(Bloomberg) -- Tallgrass Energy Partners LP Chief Executive Officer David Dehaemers had more on his mind than earnings during the company’s quarterly call with analysts on Wednesday.
Dehaemers took a break from talking strategy to accuse Hedgeye Risk Management analyst Kevin Kaiser of libel. Ripping into what he described as “people who act like analysts,” Dehaemers said Kaiser falsely reported on Aug. 1 that Tallgrass faces a potential contract restructuring with Bonanza Creek Energy Inc. Dehaemers said Bonanza is not a shipper on the company’s Pony Express oil pipeline. Kaiser lashed back on Twitter, citing Bonanza filings that appeared to back up his report.
On Thursday, James Edwards, Bonanza’s investor relations director, said by phone the oil explorer uses the pipeline through a third party.
The earnings-call tiff comes as pipeline operators are facing increasing pressure to prove to investors that their contracts with energy explorers will survive the collapse in crude prices. Oil futures have plunged 23 percent since the beginning of last year. In March, a U.S. bankruptcy court ruling threw into question just how heavily midstream companies could rely on their customer pacts by allowing a bankrupt producer, Sabine Oil & Gas Corp., to reject two of its contracts with companies that treat and transport oil and gas.
Bonanza Creek said in a filing on Aug. 1 that it had “substantial doubt” about its ability to continue as a going concern and may have to file for Chapter 11 protection. Last month, the oil explorer said it was evaluating options including a restructuring.
Bonanza has a contract through an intermediary to ship 12,580 barrels a day on Pony Express, Edwards said, without identifying the third-party.
“If we go deficient, the third-party marketer will be deficient,” Edwards said. “If they fall short, they’ll have a financial liability."
On Wednesday’s call, Dehaemers knocked Kaiser’s report from Monday toward the end of his opening remarks, pausing to address something he said was “not funny.” Tallgrass’s stock fell 1.8 percent on the day of the report.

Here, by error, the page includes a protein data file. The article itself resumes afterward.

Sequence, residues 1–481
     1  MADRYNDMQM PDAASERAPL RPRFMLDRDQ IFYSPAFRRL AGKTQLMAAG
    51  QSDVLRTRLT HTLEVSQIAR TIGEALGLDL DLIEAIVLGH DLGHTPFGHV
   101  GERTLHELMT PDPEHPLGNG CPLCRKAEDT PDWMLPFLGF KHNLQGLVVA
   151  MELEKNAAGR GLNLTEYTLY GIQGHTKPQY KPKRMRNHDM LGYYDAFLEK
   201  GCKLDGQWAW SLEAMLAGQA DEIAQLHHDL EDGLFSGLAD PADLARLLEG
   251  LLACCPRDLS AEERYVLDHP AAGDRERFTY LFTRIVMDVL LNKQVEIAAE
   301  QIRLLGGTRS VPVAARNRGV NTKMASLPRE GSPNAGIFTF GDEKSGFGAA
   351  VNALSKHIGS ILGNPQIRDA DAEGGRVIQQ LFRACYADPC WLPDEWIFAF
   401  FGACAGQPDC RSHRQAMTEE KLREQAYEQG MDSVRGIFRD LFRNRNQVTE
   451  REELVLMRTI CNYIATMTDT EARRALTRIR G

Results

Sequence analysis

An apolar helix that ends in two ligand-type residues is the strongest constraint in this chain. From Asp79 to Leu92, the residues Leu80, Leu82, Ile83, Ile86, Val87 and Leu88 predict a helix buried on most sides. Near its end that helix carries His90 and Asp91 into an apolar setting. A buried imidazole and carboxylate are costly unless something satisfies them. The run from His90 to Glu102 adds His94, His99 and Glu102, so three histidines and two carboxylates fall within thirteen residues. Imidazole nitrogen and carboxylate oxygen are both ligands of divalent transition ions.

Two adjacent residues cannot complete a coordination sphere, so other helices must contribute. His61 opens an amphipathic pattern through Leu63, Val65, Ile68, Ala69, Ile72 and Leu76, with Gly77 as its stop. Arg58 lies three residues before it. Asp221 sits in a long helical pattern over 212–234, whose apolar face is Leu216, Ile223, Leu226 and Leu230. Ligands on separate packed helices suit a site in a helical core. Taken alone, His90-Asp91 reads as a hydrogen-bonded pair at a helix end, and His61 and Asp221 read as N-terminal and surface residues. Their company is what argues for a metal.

“What you aren’t able to do is make up your own set of facts and then slander us,” Dehaemers said. “If this continues, we’ll have other means for which we’ll address this in the future.”
Within moments, Kaiser fired back on Twitter, posting, “Hey David, you mad bro?” and then “Calm down David.” He also posted parts of Bonanza’s public statements and filings the company made with the U.S. Securities and Exchange Commission that, he said, back up his report by showing Bonanza is a shipper on Pony Express, which carries crude from Wyoming to the Cushing, Oklahoma, hub. Bonanza has stated at least four times that it’s a committed shipper on the pipeline, Kaiser said.
Tallgrass did not immediately respond Thursday to phone and e-mail requests seeking additional comment about Bonanza.
In a phone interview, Kaiser called the situation a "non-issue" that Tallgrass had "blown way out of proportion." He said it "just brings more attention" to a company that he calls "extremely overvalued."
It wasn’t the first time that Kaiser’s research had weighed on Tallgrass’s stock. On May 24, Tallgrass plunged by the most in three months after Kaiser recommended shorting the Leawood, Kansas-based company.
Tallgrass fell 0.3 percent to $47.84 at 2:54 p.m. in New York. The shares are up 16 percent this year.
Copyright 2017 Bloomberg News.
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